We strive to create an environment that fosters prayer, meditation, and introspection, allowing worshippers to transcend the distractions of the outside world and focus on their connection with the divine. Careful, faith-specific religious design by an experienced church architect ensures that the sanctuary becomes a space of transformation.

Sacred architecture can benefit from layered levels of symbolism, as shown in this sanctuary for the Nativity Jesuit Academy in Milwaukee, Wisconsin.
Sacred architecture benefits from layered levels of symbolism, from subtle to obvious, leading congregants to further contemplate the divine.
The Holy Family Catholic Church in Woodruff, WI celebrates a sacrament with a Baptismal Font, mixing references to nature and religious symbolism of placing it near the entry of the Sanctuary symbolizing entry into Christianity
The Baptismal Font, mixing references to nature and religious symbolism, is placed within the Nave to signify entry into Christianity.
Liturgical needs vary between churches and denominations. Sanctuaries must reflect the needs of the liturgy.
Sanctuaries must seamlessly support the needs of the liturgy, including the operational issues of lighting, music & acoustics, and heating/cooling.

The practical issues of church design

In addition to the spiritual and emotional aspects, a practiced church architect also addresses the practical needs of the congregation. Cost is always an issue.  The cost of the religious ambiance described above needs to be deftly balanced with the practical needs of the church.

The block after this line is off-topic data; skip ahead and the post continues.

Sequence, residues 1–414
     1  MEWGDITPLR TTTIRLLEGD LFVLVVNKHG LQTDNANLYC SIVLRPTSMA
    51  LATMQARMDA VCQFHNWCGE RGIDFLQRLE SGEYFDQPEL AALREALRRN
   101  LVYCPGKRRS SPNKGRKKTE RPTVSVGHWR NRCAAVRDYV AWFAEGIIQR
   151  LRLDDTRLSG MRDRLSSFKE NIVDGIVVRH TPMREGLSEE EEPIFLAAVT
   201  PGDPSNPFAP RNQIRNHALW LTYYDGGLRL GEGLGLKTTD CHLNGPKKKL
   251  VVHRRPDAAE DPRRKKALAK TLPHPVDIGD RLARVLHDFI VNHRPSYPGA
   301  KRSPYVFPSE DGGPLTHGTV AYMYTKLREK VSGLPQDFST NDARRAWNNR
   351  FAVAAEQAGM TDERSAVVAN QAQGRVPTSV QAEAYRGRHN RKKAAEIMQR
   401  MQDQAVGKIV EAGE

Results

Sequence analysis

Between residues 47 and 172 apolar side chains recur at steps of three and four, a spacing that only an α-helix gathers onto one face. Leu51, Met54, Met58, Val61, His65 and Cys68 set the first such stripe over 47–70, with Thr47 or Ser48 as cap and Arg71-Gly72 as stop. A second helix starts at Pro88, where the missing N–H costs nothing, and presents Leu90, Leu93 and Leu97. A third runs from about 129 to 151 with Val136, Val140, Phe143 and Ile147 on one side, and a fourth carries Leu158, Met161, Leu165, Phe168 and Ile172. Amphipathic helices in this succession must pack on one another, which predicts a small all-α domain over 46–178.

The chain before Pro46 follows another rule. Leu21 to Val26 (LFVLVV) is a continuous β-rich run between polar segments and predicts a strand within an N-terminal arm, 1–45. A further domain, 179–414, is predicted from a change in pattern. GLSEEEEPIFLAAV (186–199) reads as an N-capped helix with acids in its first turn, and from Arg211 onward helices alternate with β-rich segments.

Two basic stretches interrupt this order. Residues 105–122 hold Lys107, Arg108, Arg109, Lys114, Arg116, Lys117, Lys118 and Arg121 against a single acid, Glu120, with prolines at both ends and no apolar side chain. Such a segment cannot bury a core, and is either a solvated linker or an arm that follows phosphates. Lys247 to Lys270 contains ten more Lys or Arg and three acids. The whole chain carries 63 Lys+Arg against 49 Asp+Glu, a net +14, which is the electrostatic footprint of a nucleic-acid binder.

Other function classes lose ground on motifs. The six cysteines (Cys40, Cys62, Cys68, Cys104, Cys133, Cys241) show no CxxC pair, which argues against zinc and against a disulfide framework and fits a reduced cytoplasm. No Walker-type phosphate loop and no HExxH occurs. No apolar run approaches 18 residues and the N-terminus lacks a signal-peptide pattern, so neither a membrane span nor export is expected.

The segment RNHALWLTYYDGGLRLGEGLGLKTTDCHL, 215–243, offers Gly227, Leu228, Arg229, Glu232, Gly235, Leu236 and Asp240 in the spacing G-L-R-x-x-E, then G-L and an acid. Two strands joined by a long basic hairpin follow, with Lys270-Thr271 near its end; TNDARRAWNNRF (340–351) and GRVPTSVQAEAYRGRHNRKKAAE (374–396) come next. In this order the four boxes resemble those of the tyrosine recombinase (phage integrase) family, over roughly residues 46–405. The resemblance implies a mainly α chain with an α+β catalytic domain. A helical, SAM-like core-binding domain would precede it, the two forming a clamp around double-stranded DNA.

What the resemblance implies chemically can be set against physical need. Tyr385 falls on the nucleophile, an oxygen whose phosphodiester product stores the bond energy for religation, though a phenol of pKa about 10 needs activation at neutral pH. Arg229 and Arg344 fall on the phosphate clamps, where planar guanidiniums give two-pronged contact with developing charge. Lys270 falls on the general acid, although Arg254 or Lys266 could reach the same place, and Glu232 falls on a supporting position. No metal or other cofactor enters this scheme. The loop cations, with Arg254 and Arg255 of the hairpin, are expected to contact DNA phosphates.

For instance:

  • Can the pews be rearranged to support the large attendance of Easter and Christmas services?
  • Can all parts of the service be supported without rearranging the sanctuary?
  • Can congregants be informed of the order of the service, or musical selection?
  • Can the sanctuary support different styles of worship?
  • Can the disabled easily participate in the service?
  • Can lighting provide for a funeral and a wedding, and even enhance the service?
  • Can the heating and cooling support the wide temperature swings typical as the church fills?

Church architects consider such factors, and more, to ensure that worship services and religious ceremonies can be conducted smoothly and inclusively. Especially important now, is flexibility to ensure the church is adaptable to new activities and ministries, and able to accommodate diverse and changing needs while maintaining the sanctity of the sanctuary.

A church architect is faithful in design

An experienced religious architect possesses a deep understanding of the cultural, historical, and liturgical aspects that shape the traditions of worship. And the associated costs of providing an impactful sanctuary.  By collaborating closely with religious leaders and the congregation, an experienced church architect can craft a design that aligns with the beliefs and practices of the community, creating an affordable space that is authentic and meaningful.

The skills and experience of a church architect can help to lead your church through the challenges and requirements associated with your project.  There are many criteria you may use to select your architect, none perhaps as important as their understanding of how to balance the pragmatic issues of church design with the profound architectural and religious symbolism important to sanctuary architecture. 

Our sincere hope is that this short blog post has helped to bring light to some of the issues, and provided useful guidance to help make your design project a testament to your faith.  Contact a church architect from our Church Design Studio for more information about the steps to consider for your project.